At the conclusion of oral argument,
IT IS ORDERED accepting special action jurisdiction and granting relief, with opinion to follow.
IT IS FURTHER ORDERED preliminarily enjoining Real Party in Interest, Ken Bennett, in his official capacity as Secretary of State, from enforcing or implementing House Bill 2593 pending further order of this court.Judge Howe's order reversed an earlier ruling by Maricopa County Superior Court Judge Mark Brain, who declined to issue the plaintiffs' requested injunction.
Earlier this month, plaintiffs filed their petition in the Appeals Court. Concluding, after making the case in the first 40 pages,
For the foregoing reasons, Petitioners respectfully request that this Court accept special action jurisdiction, reverse the trial court’s denial of Petitioners’ Motion for a Preliminary Injunction, and preliminarily (and, if appropriate, permanently) enjoin the Secretary from implementing HB 2593.Secretary of State and gubernatorial wannabe Ken Bennett, Senate President Andy Biggs and Congressional wannabe and House Speaker Andy Tobin responded to the lawsuit. Former Senate President Steve Pierce along with Toby Farmer and the Southern Arizona Conservative PAC filed an amicus brief hoping to sway the Appeals Court. Plaintiffs replied to the amicus brief pointing out that Pierce, Farmer and sacpac had nothing to add that Bennett, Biggs and Tobin couldn't advocate for.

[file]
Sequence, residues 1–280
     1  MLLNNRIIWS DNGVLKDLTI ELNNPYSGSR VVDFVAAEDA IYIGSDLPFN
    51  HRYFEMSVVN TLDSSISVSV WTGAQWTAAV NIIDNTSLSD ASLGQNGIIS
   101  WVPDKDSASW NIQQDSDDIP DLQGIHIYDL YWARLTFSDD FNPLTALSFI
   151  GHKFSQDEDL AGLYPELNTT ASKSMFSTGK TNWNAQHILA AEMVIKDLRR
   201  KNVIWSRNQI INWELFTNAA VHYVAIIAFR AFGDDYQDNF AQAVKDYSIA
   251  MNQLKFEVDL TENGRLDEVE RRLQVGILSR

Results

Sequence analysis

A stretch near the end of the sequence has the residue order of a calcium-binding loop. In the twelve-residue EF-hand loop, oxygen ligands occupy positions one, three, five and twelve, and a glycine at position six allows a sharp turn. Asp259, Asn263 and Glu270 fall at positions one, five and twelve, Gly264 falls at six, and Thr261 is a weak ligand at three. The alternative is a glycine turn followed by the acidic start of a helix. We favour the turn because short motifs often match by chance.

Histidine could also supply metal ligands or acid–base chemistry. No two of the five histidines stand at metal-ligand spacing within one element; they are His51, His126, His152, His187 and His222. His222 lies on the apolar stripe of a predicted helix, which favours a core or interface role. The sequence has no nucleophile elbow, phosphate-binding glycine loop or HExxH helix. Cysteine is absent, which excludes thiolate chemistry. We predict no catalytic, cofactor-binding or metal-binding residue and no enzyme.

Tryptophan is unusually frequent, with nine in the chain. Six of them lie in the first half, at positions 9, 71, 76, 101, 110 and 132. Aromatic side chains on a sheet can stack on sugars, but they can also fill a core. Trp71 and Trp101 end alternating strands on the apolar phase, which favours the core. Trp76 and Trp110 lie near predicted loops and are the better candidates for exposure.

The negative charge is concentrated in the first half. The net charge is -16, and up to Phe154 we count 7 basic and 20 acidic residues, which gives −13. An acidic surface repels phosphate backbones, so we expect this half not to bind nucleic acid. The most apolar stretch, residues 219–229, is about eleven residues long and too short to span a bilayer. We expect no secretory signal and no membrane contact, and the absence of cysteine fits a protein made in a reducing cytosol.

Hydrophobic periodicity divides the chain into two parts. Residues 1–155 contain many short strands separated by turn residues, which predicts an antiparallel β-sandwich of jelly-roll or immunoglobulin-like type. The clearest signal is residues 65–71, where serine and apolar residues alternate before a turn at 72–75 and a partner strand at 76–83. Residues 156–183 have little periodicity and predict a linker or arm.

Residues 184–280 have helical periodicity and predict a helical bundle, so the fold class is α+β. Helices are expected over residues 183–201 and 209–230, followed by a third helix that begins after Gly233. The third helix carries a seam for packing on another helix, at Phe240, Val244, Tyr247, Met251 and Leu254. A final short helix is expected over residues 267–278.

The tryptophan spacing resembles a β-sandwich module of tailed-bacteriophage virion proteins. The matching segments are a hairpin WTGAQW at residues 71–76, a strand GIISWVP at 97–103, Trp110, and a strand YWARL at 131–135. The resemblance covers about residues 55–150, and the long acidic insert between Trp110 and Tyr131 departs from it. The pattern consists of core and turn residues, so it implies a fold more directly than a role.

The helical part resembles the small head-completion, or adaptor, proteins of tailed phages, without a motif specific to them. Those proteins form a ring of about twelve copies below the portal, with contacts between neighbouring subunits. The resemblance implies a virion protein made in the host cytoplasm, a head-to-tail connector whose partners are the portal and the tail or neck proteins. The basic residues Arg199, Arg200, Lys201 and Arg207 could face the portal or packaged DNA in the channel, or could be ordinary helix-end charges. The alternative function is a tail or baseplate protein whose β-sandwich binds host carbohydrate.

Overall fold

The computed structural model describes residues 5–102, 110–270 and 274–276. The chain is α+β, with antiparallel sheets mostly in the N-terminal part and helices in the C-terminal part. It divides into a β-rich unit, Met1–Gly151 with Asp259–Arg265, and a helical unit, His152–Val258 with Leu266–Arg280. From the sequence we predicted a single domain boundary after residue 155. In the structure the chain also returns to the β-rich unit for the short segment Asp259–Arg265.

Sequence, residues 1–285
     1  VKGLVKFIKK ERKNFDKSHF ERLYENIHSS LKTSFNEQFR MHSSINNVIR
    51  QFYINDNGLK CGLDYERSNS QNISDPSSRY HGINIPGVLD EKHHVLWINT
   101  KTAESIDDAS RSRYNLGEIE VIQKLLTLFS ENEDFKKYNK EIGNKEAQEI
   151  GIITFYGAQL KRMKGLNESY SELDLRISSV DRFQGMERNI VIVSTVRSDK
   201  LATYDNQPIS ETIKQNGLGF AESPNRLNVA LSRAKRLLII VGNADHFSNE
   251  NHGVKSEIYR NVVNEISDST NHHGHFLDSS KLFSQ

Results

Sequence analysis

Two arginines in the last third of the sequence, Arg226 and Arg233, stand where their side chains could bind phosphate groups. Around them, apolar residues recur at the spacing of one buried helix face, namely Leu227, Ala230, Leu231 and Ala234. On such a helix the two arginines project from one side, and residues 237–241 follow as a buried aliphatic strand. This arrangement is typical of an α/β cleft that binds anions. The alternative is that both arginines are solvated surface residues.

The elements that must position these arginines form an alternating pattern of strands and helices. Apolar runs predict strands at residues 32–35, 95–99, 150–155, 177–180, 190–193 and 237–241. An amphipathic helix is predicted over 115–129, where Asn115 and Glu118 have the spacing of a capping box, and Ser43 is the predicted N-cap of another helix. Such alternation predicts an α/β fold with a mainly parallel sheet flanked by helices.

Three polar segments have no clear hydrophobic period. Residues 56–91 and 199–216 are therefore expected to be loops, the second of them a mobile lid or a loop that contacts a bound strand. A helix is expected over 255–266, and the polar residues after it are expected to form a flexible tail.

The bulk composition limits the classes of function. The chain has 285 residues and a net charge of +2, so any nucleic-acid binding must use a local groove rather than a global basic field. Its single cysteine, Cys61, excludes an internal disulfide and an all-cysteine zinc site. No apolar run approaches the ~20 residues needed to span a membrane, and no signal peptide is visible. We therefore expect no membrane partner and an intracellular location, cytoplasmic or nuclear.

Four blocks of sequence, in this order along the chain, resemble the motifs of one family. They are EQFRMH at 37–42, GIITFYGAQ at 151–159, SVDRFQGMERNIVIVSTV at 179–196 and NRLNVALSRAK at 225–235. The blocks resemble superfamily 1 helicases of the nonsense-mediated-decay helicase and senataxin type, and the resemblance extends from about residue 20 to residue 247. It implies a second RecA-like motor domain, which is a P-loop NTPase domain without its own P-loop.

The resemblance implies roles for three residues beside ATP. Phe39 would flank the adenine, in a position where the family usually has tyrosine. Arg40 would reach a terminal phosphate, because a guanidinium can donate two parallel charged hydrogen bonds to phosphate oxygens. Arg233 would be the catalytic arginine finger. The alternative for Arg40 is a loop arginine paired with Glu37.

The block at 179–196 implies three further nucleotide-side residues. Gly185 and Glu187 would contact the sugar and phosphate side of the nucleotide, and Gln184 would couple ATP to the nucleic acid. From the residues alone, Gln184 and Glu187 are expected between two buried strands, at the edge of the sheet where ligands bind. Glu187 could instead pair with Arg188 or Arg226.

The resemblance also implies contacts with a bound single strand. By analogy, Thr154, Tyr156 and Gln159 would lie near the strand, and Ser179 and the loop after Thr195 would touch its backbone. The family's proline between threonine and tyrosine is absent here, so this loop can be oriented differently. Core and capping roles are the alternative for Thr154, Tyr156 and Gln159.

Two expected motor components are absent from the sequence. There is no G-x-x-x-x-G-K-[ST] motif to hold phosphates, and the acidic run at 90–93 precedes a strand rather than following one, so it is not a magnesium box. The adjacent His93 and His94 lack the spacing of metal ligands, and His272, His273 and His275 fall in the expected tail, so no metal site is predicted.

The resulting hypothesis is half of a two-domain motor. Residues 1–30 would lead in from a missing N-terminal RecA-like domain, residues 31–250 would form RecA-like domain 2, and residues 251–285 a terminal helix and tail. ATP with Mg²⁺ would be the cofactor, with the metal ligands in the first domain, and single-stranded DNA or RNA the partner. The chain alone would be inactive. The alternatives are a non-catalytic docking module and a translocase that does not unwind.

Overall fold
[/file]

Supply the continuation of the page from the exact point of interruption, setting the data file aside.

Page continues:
Amici do not articulate any reason why Petitioners’ should not be granted the relief they seek. Petitioners therefore respectfully request that this Court accept special action jurisdiction, reverse the trial court’s denial of Petitioners’ Motion for a Preliminary Injunction, and preliminarily (and, if appropriate, permanently) enjoin the Secretary from implementing HB 2593.A footnote in plaintiffs reply is notable:
That Amici have discerned ways to circumvent the base limits even with the aggregate caps in place does not diminish the aggregate caps’ function as an anti-circumvention measure. (Amici Br. 32.) Nor does Amici’s suggestion that there were other ways the voters could have addressed anti-circumvention concerns establish that the aggregate individual cap is not designed to prevent circumvention.Today's ruling is a clear and emphatic, if possibly only temporary, statement that in Arizona the unholy alliance between Big Money and GOP lawmakers must be subject to the explicitly stated limits as implemented by the voters of this state.
This case also magnifies the significance of last fall's vote on Prop 115 and last month's Arizona Supreme Court ruling completely and permanently blocking HB 2600. Politicizing the courts in our state would be disastrous, ironically rendering rulings like these meaningless.
The extreme right wing that controls Arizona's GOP doesn't give two hoots about the will of the voters -- except when it suits them and/or when they can manipulate populist sentiment into anti-government fervor (Tea Party).
By the way, this victory could be only temporary because the next step is virtually guaranteed, appeal to the Arizona Supreme Court. If the Supremes agree with Judge Howe, then we could see a lawsuit brought in federal court. I'm reminded of the not so distant past when the SCOTUS blocked a Montana Supreme Court ruling regarding campaign finance limits.
Since today's ruling is a case where the challenge to campaign finance limits came from the legislature, I can't speculate with any certainty on how close of a parallel it has to the Montana case.
Further, I can't help but picture the three respondents, Ken Bennett, Andy Biggs and Andy Tobin bowing down to their god, Big Money and praying that this goes -- quickly -- to the US Supreme Court.